Nation building required accommodation and compromise, he said.
"In our haste to be prescriptive, we should not be so idealistic that we are incapable of also being practical. We should not allow perfection to be the enemy of the good. Yes, we should seek the best solutions and expect the highest standards of performance.
"But we should also be prepared to sacrifice some part of our positions for the good of the whole," he said.
Raja Nazrin said the virtues of pure self-interest were largely a myth. What seemed to be a reality was that individuals end up worse off when they act out of self-interest, as opposed to acting in their collective group interests.
The fourth formula that Raja Nazrin proposed is that enforced solutions must be avoided. Nation building is effectively rendered null and void by coercion or the threat of violence.
"'Might' cannot and must not be shown to be 'right'. If solutions cannot be found within the political and social structures, there will be a strong temptation to resort to illegitimate ways and means."
Nation building, he said, occurred when society is open, tolerant and forward-looking."So important are these values that they are embedded in Vision 2020's nine strategic challenges, as are those of mature democracy, caring society and innovation.
"Only by being inclusive can the various sectors of our society be productively engaged. It follows that all forms of extremism, chauvinism, racism and isolationism must be guarded against."
They must be soundly sanctioned socially, politically and, if necessary, also legally, he added.
"Nation building is a process rather than an outcome. When Malaysia started off fifty years ago, there were no examples to study.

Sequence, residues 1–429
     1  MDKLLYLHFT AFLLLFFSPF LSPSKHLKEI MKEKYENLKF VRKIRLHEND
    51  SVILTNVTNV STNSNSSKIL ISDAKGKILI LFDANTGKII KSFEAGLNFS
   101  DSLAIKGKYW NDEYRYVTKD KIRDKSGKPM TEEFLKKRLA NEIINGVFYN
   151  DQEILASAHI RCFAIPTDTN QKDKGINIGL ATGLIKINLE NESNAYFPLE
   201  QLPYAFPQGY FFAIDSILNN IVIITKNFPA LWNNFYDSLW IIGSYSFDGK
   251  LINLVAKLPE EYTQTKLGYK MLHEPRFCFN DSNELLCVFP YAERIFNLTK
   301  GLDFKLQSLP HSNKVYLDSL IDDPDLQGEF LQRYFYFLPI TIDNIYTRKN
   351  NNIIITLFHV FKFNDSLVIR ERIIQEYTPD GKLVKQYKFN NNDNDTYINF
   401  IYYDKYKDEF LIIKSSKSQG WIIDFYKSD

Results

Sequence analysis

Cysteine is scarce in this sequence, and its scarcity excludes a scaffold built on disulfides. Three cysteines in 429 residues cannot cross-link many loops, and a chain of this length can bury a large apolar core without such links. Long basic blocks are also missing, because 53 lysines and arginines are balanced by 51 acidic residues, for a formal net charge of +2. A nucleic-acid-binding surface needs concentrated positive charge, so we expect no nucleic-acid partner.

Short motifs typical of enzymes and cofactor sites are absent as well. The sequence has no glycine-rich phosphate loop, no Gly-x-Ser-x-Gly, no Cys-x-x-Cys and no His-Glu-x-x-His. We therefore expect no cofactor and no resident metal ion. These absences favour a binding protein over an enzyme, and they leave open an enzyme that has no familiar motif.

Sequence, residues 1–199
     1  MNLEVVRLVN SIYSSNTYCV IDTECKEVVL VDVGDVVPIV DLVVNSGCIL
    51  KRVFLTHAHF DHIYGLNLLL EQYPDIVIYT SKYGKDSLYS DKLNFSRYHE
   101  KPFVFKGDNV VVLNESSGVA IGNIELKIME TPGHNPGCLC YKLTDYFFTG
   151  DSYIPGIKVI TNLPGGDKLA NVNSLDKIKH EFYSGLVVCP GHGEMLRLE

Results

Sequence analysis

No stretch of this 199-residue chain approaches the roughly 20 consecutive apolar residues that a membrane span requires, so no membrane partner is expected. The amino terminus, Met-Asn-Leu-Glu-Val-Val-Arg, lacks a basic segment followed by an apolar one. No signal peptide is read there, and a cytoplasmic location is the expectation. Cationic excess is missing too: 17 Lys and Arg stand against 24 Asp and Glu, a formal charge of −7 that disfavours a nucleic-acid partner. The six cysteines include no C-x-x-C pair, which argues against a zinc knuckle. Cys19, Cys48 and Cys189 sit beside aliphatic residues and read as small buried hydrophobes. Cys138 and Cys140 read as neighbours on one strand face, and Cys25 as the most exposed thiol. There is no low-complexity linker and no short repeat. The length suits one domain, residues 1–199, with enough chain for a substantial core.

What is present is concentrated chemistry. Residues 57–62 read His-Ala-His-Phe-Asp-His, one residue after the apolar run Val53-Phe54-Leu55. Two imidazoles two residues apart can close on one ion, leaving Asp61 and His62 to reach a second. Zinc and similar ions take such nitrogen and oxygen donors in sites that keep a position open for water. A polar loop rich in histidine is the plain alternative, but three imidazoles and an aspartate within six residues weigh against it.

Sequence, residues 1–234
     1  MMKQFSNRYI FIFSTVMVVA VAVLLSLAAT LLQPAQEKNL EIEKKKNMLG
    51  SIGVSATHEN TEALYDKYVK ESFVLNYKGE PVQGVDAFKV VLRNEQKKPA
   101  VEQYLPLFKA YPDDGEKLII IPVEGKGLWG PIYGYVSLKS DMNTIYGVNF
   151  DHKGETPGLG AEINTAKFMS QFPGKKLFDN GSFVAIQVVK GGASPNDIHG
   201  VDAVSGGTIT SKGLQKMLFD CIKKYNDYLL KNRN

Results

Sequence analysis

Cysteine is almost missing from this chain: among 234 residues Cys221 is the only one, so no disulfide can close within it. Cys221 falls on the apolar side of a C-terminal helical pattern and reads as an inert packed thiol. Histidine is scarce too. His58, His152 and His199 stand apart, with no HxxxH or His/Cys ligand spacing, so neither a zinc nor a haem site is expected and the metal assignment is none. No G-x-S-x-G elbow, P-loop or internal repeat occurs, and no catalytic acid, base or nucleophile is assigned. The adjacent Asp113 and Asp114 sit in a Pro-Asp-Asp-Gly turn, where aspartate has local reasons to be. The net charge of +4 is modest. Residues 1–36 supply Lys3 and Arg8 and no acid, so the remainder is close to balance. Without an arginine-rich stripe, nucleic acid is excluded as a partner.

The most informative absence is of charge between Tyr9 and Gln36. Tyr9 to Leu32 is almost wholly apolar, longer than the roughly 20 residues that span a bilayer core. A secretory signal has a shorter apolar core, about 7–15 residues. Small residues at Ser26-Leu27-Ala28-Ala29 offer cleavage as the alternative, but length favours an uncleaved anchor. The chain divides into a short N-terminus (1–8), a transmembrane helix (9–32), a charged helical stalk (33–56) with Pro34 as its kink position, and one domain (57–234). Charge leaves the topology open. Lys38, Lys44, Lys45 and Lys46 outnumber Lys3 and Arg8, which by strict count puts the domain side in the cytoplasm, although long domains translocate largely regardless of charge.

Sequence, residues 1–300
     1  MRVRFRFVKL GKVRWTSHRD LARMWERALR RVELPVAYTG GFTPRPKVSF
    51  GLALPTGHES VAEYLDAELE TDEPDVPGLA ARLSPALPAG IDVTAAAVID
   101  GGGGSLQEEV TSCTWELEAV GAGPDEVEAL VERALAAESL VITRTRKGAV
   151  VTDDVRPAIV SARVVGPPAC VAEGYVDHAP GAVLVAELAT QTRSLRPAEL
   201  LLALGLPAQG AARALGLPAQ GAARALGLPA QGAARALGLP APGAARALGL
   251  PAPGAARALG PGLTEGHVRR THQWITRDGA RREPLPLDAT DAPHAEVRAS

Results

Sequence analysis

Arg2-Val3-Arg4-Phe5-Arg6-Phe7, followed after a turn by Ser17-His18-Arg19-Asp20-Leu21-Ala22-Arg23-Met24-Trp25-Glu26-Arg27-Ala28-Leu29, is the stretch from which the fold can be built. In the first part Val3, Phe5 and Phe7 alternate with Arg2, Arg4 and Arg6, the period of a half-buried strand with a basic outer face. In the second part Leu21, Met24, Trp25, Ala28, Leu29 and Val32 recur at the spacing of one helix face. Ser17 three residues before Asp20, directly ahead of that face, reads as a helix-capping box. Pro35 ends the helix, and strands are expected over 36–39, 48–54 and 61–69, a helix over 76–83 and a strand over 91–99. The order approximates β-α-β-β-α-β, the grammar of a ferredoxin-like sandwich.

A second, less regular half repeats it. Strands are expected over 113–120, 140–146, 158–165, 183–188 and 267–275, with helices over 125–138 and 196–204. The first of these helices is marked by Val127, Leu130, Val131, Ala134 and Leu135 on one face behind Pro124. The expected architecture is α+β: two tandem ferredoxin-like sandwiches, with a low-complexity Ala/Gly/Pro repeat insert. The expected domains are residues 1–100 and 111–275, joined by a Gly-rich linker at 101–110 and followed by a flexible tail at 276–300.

"There were no manuals to follow. While a sense of impatience is perhaps fully understandable, nation building takes place over a period of time and only with persistence. Where there is no trust, trust has to be built. Where there is no co-operative network, one has to be established.
"Building on layers of foundation is the only way to ensure that the process is solid and sustainable," he said.
Lastly, Raja Nazrin said, the political, social and economic incentives must reward good behaviour and penalise bad.
"I know that this statement is virtually self-evident, but it is a fact that many countries are as likely to punish good behaviour as to reward it. After all, if there are benefits for corruption, then there is a real cost to being honest," he said.
The incentives for building up a nation must be greater and more compelling than breaking it down. The price of racial and cultural intolerance must be made prohibitively high, he added.
He said the biggest challenge to nation building was having to balance the need for change with that of continuity, particularly in facing globalisation, which had unleashed sweeping economic, political, social and cultural transformations that had weakened the national institutions, values and norms.
On future leaders, Raja Nazrin said that if the young people were to be good leaders and citizens, they must be exposed to more than just abstract concepts.
Good and upright leadership must be demonstrated and those found to be able must be mentored by the capable.
"The young should be allowed to make mistakes along the way as part of their overall learning process," he said.